Wednesday, September 14, 2022

"Labyrinth" published in YCN Sept. '22

by Janet Sobczyk, 2022

This summer a quiet call beckoned 
not through sound waves and ear canals 
but thought waves that ebb and flow 
returned to mind again and again 
took shape, grasped my hand 
led to parents’ hometown 
a familiar place 
I hadn’t seen in years. 

Almost forgot the way 
scenic route with small towns 
strung along the highway 
missed the billboard declaring 
“Welcome to Norfolk, NE 
home of Johnny Carson!” 
didn’t stop by his museum 
instead drove through city parks. 

Recalled taking turns to climb timidly (no- bravely!) 
up tall ladders to slide down hot metal 
flying on black-seated swings 
holding tightly to the chains 
trying not to kick a hapless child 
then jumping off and landing, mostly on feet, laughing 
all replaced by now with colorful, safe, plastic 
designed to attract children… where are they? 

Drove past grandparents’ houses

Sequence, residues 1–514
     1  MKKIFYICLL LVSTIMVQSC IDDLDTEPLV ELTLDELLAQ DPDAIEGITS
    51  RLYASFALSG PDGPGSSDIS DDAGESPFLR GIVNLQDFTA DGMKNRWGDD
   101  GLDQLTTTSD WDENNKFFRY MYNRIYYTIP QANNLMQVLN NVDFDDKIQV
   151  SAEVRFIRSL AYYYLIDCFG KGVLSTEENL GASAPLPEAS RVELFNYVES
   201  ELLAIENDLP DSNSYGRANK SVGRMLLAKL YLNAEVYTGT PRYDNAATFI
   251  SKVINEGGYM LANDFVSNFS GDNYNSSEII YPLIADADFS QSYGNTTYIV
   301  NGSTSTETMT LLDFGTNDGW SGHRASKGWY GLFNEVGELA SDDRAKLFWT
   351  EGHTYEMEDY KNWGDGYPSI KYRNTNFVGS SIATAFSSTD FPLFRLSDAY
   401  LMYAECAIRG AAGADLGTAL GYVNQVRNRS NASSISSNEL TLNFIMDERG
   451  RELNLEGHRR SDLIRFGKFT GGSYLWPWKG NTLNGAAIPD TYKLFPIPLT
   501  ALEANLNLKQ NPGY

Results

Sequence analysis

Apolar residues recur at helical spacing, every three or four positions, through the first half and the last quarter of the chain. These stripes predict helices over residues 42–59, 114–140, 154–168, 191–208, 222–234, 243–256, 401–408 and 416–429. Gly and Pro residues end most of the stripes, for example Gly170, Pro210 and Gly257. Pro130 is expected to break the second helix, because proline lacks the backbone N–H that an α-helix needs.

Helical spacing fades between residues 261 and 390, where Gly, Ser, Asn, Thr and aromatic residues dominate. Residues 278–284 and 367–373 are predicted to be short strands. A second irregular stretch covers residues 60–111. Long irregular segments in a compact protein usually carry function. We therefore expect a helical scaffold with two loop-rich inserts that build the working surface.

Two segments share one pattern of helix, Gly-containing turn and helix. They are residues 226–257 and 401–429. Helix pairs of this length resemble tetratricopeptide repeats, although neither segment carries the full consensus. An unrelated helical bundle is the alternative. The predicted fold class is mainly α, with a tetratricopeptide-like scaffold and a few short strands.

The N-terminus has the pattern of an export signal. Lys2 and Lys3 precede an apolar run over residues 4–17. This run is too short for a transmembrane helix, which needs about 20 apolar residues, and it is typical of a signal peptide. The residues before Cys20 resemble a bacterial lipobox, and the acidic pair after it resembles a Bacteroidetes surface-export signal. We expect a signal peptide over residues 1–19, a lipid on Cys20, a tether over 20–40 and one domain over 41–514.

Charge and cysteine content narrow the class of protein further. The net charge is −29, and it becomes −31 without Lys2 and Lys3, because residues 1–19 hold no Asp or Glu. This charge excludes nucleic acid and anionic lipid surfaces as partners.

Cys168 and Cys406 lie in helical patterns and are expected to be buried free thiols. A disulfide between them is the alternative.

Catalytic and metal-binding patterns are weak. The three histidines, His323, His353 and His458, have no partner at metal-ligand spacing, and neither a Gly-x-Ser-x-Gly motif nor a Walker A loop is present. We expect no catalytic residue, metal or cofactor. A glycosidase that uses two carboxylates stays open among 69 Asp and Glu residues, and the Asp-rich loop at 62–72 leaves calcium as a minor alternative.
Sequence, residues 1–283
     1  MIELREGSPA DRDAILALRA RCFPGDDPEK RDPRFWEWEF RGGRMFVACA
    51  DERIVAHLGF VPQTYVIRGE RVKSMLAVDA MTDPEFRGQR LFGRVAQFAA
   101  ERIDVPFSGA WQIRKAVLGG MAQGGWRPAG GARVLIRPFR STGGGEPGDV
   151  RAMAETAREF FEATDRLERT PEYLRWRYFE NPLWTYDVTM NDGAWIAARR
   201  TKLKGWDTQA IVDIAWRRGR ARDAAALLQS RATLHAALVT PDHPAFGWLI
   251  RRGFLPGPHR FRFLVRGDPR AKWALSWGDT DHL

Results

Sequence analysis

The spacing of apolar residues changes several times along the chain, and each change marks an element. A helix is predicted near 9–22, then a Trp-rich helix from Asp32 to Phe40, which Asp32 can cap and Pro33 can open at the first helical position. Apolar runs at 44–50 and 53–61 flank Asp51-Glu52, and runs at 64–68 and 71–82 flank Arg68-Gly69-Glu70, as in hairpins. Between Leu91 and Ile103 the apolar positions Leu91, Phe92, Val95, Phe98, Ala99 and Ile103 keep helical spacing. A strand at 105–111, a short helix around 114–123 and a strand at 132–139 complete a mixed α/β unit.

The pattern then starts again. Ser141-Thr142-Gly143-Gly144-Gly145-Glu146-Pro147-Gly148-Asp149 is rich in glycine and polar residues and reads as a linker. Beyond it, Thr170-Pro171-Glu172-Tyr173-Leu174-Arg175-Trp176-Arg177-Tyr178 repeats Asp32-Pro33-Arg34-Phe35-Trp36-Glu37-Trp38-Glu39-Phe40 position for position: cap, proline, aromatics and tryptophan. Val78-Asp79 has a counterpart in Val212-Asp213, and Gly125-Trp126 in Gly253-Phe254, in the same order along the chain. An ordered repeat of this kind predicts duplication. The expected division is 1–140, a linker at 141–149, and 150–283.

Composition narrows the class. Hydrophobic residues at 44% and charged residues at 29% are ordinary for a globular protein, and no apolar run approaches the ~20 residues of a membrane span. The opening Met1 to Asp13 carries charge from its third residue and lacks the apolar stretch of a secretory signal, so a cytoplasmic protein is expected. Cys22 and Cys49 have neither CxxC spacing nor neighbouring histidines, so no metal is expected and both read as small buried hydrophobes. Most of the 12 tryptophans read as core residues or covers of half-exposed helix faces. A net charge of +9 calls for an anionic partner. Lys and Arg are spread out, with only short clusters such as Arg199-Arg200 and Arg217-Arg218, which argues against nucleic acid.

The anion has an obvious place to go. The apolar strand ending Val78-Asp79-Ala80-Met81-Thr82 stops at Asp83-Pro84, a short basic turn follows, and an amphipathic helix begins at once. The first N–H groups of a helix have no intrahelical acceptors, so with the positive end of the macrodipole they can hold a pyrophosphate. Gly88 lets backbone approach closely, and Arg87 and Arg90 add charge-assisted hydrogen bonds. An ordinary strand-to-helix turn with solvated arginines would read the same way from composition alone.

updated, freshly painted 
wisps of memories teased each window pane 
mind’s eyes pressed with cupped hands to the glass 
watching Grandma baking 
little me licking a spoon 
or spinning in a swivel rocker 
to induce dizziness and giggles. 

Drove to the cemetery 
drawn to the spot, walked 
through dry brown grass in need of rain 
to touch parents’ name plates once again 
gaze at uncle’s headstone 
knowing I’m in the generation to go next 
and younger brother has already gone… 
wishing I’d invited my sisters to come along.

Drove to the convent 
across the street from my parents’ old house 
which still has flowers by the porch 
but a different bench upon it 
used to walk the dog with Mom 
from house to convent grounds, strolling 
past rose garden, bubbling fountain, stately trees 
and The Labyrinth. 

Not a maze, no dead ends 
path circles around 
comes to the center 
then leads back the same way 
no getting lost, no need to think 
just focus with prayer 
releasing one’s cares 
reaching the center and resting there. 

A shady place to sit 
inhale peace 
watch bunnies play nearby